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G-Form unveils Extreme Sleeve for notebook computers

updated 02:00 am EDT, Fri May 6, 2011

Casing offers repeated protection against impact

As proof that their new Extreme Sleeve for laptop computers is rugged and dependable, athletic gear company G-Form dropped a 13-inch MacBook Pro from a 20-foot balcony to demonstrate its durability. The case is designed for notebook "road warriors" who carry their laptop everywhere with them, and thus offers maximum protection against the drops, dings and other shocks that mobile computers are subjected to on a routine basis -- but can also guard the computer in case of a disastrous event.

The company's own Extreme Sleeve for iPad sustained a 500-foot drop from an airplane and the shock of a 12-pound bowling ball in other videos (the MacBook Pro demonstration is seen below). The company uses Reactive Protection Technology, which is a combination of Poron XRD and proprietary G-Form technology that causes the case to instantly stiffen on impact, absorbing over 90 percent of the energy involved in a drop. The case is also designed to be water-resistant.

The Extreme Sleeve for Laptops is now available for pre-order, selling for $70. It is expected to arrive June 1st, and will later become available through retail channels as well as the company's website. The Extreme Sleeve is available in either yellow or black.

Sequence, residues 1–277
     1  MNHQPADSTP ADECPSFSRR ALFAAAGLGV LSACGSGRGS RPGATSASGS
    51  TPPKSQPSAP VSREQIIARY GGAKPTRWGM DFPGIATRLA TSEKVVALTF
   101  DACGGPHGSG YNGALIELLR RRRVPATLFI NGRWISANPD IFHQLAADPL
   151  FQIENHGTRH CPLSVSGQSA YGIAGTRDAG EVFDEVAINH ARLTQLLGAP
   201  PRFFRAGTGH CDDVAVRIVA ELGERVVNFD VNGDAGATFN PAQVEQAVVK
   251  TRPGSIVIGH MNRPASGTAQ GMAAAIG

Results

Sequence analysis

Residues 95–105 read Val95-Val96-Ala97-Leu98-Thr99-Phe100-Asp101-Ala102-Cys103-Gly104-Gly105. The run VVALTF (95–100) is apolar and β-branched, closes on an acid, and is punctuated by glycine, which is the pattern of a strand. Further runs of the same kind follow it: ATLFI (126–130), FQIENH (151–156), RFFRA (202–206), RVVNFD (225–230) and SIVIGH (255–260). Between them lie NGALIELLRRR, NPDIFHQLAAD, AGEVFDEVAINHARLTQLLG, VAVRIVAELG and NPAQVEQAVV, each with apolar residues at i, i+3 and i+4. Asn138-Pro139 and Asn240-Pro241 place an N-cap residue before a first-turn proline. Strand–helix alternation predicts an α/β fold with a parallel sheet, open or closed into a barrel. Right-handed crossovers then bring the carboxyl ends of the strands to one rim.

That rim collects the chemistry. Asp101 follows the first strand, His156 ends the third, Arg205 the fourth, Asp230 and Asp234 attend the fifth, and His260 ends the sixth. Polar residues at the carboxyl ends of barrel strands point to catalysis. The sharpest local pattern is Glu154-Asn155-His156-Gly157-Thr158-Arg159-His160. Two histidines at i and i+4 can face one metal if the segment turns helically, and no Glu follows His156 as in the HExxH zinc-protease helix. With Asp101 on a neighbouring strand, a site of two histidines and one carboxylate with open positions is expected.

By Electronista Staff
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  1. SunSeeker

    Mac Enthusiast

    Joined: Apr 2001

    0

    Cool

    What about if you drop it on a corner?

  1. Raman

    Mac Elite

    Joined: Mar 2001

    0

    So you can continue playing video games :/

    I'd like to see them do *real world* tests like:
    1. Make it slip off a desk and land on a corner like @SunSeeker said
    2. Walk in the street and have it fall out of your backpack
    3. Jog thru an airport terminal and have it fall out of your briefcase
    4. Have it fall out of your backpack or "slip" out of your hand as your'e going up/down stairs

    Of course it's going to give the most protection landing flat. Pressure=Force/Area. Big area=Least pressure=least damage (assuming hard drives' heads are parked and components inside are amenable to those forces). Edge=small area and things aren't usually built as strong with forces from *all* directions taken into the consideration. (I.E. Drop any piece of electronics on its edge and assuming the edge is fine, there's probably something that cracked off and is now rattling. Drop the same thing on its front or back and that same little piece wouldn't have cracked off.)

  1. tortenteufel

    Fresh-Faced Recruit

    Joined: Jul 2007

    +2

    Or,

    when it drops out of your backpack while you are passing road works and a road roller drives over it by accident just at the moment your macbook is not lying flat on the ground but is still spinning on a corner......

  1. wrenchy

    Forum Regular

    Joined: Nov 2009

    -1

    I would love


    To throw someone's MacBook of the top of a building. Perhaps some of you iTards here on Electronista want to hand over your crApBook Pros to me? You know... for product testing.


    Drrrrrrrrroid!


    - Sent from my Android Device.

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